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On Wed, Jan 28, 2009 at 10:11:37PM -0500, Thor Lancelot Simon wrote:
> I also think that inlines in header files, for many simple purposes
> (e.g. get/set accessors for the datastructures defined in those files)
> are better than at least two common alternatives:
> 1) Macros to do the same thing. These do nothing but confuse the debugger
> and prevent type-checking.
> 2) "method" function pointers in those same datastructures, which cause a
> jump through a pointer, which can really wreck performance.
> If it's not important to keep the structure definitions and the utility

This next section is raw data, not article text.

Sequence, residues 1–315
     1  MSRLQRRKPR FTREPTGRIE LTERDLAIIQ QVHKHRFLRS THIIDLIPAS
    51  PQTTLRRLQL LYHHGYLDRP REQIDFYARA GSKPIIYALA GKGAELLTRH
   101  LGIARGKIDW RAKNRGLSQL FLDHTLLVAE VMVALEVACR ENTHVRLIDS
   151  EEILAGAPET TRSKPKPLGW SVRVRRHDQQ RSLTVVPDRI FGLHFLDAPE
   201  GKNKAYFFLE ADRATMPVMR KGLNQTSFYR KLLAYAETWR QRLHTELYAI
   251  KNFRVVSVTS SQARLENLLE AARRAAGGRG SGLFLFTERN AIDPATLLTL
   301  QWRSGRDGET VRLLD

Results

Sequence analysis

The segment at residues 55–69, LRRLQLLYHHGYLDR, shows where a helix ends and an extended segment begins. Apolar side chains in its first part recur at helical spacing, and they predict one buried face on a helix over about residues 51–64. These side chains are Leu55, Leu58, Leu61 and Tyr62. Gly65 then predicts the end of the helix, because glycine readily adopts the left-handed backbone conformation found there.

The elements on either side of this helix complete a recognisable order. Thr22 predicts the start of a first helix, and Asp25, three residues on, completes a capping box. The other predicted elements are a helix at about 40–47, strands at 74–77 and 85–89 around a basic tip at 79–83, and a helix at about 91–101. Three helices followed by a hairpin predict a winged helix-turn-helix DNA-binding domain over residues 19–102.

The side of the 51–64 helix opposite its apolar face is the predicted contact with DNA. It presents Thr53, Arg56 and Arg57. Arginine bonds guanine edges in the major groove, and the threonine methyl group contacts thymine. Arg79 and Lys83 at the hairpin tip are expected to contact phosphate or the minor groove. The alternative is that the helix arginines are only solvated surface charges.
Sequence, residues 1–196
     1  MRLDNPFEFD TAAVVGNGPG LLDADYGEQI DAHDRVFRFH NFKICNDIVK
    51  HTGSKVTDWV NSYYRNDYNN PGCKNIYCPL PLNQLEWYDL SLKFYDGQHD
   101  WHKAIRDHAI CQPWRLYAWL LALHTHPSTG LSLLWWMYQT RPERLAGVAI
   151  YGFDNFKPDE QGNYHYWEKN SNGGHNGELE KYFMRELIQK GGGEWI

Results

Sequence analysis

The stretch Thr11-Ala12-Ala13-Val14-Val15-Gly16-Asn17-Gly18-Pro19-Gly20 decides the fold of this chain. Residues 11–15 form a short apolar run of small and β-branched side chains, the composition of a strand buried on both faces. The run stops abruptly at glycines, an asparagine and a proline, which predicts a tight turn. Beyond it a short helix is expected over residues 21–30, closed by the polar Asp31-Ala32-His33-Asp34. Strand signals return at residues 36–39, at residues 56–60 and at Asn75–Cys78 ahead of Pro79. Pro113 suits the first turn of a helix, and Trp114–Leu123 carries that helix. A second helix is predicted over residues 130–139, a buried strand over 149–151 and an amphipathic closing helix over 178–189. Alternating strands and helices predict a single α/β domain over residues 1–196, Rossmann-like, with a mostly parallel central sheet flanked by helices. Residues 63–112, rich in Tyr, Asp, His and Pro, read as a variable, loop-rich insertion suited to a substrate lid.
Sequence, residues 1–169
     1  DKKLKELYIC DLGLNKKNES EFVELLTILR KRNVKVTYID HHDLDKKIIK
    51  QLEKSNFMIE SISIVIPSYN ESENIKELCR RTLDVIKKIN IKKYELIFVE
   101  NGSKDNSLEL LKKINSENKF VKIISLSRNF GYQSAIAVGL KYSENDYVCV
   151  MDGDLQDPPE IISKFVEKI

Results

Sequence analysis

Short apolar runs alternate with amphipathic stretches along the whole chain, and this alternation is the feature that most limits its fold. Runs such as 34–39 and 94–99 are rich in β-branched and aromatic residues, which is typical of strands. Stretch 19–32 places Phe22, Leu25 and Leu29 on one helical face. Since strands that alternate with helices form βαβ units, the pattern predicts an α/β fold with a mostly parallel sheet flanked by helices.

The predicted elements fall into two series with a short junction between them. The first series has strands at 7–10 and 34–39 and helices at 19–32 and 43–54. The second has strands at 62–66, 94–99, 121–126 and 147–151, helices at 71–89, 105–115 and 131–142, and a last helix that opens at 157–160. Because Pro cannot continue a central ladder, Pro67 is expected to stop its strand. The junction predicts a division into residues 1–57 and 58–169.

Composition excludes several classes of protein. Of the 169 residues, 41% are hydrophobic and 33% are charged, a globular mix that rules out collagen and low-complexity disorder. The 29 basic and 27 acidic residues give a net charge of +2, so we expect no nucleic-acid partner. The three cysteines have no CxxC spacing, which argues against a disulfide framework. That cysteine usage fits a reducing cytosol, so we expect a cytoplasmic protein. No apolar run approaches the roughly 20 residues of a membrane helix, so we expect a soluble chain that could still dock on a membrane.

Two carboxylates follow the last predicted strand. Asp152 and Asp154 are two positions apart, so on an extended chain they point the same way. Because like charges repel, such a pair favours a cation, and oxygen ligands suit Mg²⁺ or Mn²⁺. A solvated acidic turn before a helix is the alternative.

> code close together, then, sure, such functions needn't be inline. But
> in many simple cases of implementation-hiding, where, for example, an
> inline function just returns a member of a structure or union, even a
> normal function call, on almost every architecture, will at least double
> the cost.
> I generally think if it's more than about 5 lines of code, it really
> really should *not* be an inline.
I violently agree with every word. Sometimes it just makes sense to
inline bits of code. Inlines are not evil, but people can (and do)
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